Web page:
Big Fat Disconnect: 90% of Us Think Our Diets Are Healthy By Karen Rowan, MyHealthNewsDaily Despite surging obesity numbers in the U.S., a new surv
Despite surging obesity numbers in the U.S., a new survey finds that just one out of 10 Americans say their diet is unhealthy.
The survey, conducted by Consumer Reports, also found that while four in 10 admitted being “somewhat overweight,” just 11 percent said they were very overweight or obese — a direct contradiction of previous weight measurements taken by researchers at the Centers for Disease Control and Prevention, which show that 68 percent of Americans are overweight or obese.
“There does seem to be a disconnect” between reality and the answers most of us give when asked questions about our diet, how much exercise we get and our weight, said Molly Kimball, a registered dietitian at Ochshner’s Elmwood Fitness Center in New Orleans.
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Not as healthy as we think
Part of the disconnect, Kimball said, comes from the way foods are marketed to us.
“So many people think that what they’re eating is healthy — diet frozen dinners, fat-free ice cream, 100-calorie pretzel packs. Or they say, ‘I never eat fast food,’ but that doesn’t mean they’re not eating a lot of other unhealthy things,” she said.
In her practice, Kimball said, people tell her all the time that they don’t understand why they’re not losing weight, because they believe they’re eating healthy foods.
For a reality check, people should check the ingredients in their food, she said.
“Skip the front of the package, and turn it over,” Kimball told MyHealthNewsDaily. Some granola bars have rolled oats as their first ingredient, others list sugar, she said.
According to the survey, 60 percent said they eat the recommended five or more servings of fruit and vegetables every day or most days.
‘If that’s true, that’s spectacular,” said Deborah Enos, a certified nutritionist in Seattle. “But if you look at more studies, that’s not what we’re seeing.”
Part of the problem, Enos said, is that “we really don’t have an idea of what a portion looks like. We tend to under-portion the good stuff, and over-portion the bad stuff.” In reality, a portion is the size of your fist, she said.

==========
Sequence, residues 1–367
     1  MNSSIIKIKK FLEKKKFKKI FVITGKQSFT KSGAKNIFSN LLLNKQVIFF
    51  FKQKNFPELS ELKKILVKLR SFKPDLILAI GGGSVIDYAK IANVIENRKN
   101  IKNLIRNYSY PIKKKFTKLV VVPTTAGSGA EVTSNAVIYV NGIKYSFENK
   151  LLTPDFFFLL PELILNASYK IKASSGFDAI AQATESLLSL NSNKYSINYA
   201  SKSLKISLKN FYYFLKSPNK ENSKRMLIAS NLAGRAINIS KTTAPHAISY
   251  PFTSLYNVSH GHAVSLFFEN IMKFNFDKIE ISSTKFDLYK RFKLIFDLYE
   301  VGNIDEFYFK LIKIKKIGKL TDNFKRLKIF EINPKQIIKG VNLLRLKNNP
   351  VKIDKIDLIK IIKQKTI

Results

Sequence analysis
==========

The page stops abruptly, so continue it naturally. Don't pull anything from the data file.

And the survey found that the most commonly eaten vegetable was lettuce or salad greens — 78 percent of respondents said they eat a serving a week.
“We take iceberg lettuce, with 600 calories of blue cheese dressing, and call it a salad,” Enos said. But such “vegetables” don’t provide us with healthy nutrients.
Some people also think they’re getting a serving of fruit or vegetables when they’re not, Kimball said.
“People may think that fruit drinks or gummy snacks may be counted sometimes,” she said. “And we feel noble when we eat something like that, like what we’re doing is healthy.”
Got a sweet truth?
Half of survey respondents said they limit their daily intake of sugar.
“Sugar is the No. 1 health challenge we’re fighting in this country,” Enos said. “People have no idea what’s an appropriate amount.”
Part of the problem, she said, is that the sugar content of food is given in grams, and most people don’t have a sense of the size of a gram.
And because sugar is the only element of food for which there’s no “daily recommended” amount given on the back of food labels, most people don’t know how much is too much, she said. Women should limit their intake to 40 grams a day, and men to 50 or 60, she said.
Kimball said that “limiting” your intake doesn’t necessarily mean you’re eating a healthy amount.
“If you have it less than you want it — even if you want it a lot — then you’re limiting your intake.” Such self-imposed limits can lead us to feel we’re being healthier than we really are, she said.
And people get a lot of sugar from foods that they don’t consider to be sweets, Kimball said. Breakfast cereals are common culprits.
“Or take yogurt – a carton of low-fat yogurt can have 33 grams of sugar,” she said. “That might jack up the sugar intake, but in their minds, that’s not ‘sweets.'”
A nation of exercisers
Most survey respondents reported they get an hour of moderate exercise every day, and 31 percent rated themselves as “very active.”
In general, it’s harder to be dishonest with ourselves about how much time we spend exercising than it is to fudge on our eating habits, Kimball said. “But perception of exercise intensity can be fudged.”
“A stroll may feel like moderate exercise,” to some, she said.
Enos said that she would estimate the true number of people who get an hour of moderate exercise every day to be closer to 5 percent. “People really overestimate their physical output,” she said.
The weight-loss commandment, Enos said, should be “Thou shall not kid thyself.”
“People aren’t malicious – they’re not trying to lie,” she said. “But as a country, because our potions are so out of control, we just kind of blow it.”
The report was based on the results of a nationally representative sample of 1,234 U.S. residents age 21 and older, and was conducted by Opinion Research Corporation.